Can we equalize the freq. sweep, to get the same graph of a better driver?

    You can do this, but the type of EQ will determine how well it will work in practice. Parametric EQ's are known to cause timing/phase issues and can really ruin the sound quality of a headphone or speaker. I have used parametric EQ to compensate speaker systems to measure perfectly flat in room, and the result was terrible. It can honestly be so bad that it sounds like you are listening to music out of a tin can. If you use FIR filtering (finite impulse response) then you can achieve really good sound quality even with lots of EQ. This is because FIR filters can implement linear phase filtering, which means the filter will have no phase shift across the entire frequency band. I am no expert in this stuff, but I have used both parametric EQ and FIR filtering to calibrate loudspeakers to have perfectly flat responses in room. The difference between the two is huge, absolutely night and day. This perfectly illustrates how FR graphs aren't the end all be all and don't say how good something actually sounds. The parametric EQ compensated speakers measured perfectly flat but sounded like garbage. If using parametric EQ it is best to stick to EQing the bass only since it is harder for the human ear to hear details down there compared to the mid range frequencies. It sometimes works alright for taming treble spikes as well.

    Do we get the same music quality using that equalization?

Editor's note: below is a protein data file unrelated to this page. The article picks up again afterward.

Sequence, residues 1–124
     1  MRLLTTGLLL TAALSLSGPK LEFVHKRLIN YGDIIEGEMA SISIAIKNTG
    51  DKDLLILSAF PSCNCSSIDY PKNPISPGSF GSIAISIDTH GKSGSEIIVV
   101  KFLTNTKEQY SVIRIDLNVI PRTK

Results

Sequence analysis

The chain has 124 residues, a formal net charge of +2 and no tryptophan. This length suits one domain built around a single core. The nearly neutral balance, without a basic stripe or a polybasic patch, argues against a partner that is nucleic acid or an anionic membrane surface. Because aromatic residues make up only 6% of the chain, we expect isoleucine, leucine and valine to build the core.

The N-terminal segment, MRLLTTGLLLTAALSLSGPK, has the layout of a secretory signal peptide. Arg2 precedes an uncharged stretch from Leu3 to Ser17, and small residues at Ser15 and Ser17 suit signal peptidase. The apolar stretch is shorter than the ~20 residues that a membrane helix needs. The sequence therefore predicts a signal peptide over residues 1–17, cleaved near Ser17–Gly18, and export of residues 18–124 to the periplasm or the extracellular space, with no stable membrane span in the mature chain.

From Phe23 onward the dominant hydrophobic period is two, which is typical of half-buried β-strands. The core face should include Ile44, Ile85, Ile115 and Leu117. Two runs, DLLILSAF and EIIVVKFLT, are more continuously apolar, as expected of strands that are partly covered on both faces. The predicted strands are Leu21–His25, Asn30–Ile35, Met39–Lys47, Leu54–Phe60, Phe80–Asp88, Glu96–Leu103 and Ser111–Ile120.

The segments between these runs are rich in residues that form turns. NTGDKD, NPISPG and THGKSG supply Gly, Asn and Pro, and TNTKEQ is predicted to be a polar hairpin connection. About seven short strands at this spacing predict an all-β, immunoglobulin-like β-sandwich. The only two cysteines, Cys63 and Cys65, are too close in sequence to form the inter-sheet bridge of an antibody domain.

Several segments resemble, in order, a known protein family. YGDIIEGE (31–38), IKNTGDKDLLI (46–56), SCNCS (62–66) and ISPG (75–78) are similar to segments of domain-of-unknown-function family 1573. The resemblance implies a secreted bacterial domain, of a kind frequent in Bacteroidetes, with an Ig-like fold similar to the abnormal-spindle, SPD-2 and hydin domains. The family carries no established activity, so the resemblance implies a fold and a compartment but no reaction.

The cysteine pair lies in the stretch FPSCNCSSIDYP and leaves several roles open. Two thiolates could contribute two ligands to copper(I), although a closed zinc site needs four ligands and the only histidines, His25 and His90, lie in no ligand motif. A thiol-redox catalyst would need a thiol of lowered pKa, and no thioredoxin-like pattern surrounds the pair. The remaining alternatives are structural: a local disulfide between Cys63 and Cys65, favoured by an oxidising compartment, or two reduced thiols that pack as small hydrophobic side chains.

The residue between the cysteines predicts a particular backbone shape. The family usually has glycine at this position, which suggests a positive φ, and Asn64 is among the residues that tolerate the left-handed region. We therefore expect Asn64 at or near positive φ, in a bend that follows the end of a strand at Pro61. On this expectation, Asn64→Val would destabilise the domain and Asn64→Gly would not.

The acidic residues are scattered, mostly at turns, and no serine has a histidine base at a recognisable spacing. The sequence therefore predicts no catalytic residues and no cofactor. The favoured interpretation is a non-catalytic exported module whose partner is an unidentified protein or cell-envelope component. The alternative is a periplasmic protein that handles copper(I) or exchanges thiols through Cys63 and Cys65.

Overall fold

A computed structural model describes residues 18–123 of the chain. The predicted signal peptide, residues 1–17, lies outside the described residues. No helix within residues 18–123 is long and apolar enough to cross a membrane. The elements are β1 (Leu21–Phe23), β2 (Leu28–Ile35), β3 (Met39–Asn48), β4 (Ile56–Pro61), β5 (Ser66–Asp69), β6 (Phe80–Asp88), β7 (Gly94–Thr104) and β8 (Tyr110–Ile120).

I would say no, not really. You may be able to achieve a very high quality result when using FIR filtering, but how good the final result is still depends on how good your speaker system is. For example I could EQ a pair of transmission line loudspeakers with 4" full range drivers to have a flat FR down to say 40hz or so, but I couldn't expect the bass texture and quality to be on par with an open baffle system with 4x 16" woofers handling the bass. The same would go for headphones. Depending on what you are trying to compare to as a reference you may get really close, or may still have some large differences.
     
    golov17, petan970, springbay and 4 others like this.
  13. slappypete
    Pink noise can be used to set your speakers/headphone being measured to the desired SPL level before measurement. Frequency sweeps are what you use to do the actual measurement.
     
  14. knudsen
    Thanks... if you press the button "Measurement procedure" on the link to IEM measurements it says they use white noise (as far as I can see..). Have you tried both (sweep and white noise)?
     
    slappypete likes this.
  15. Merlin-PT
    slappypete likes this.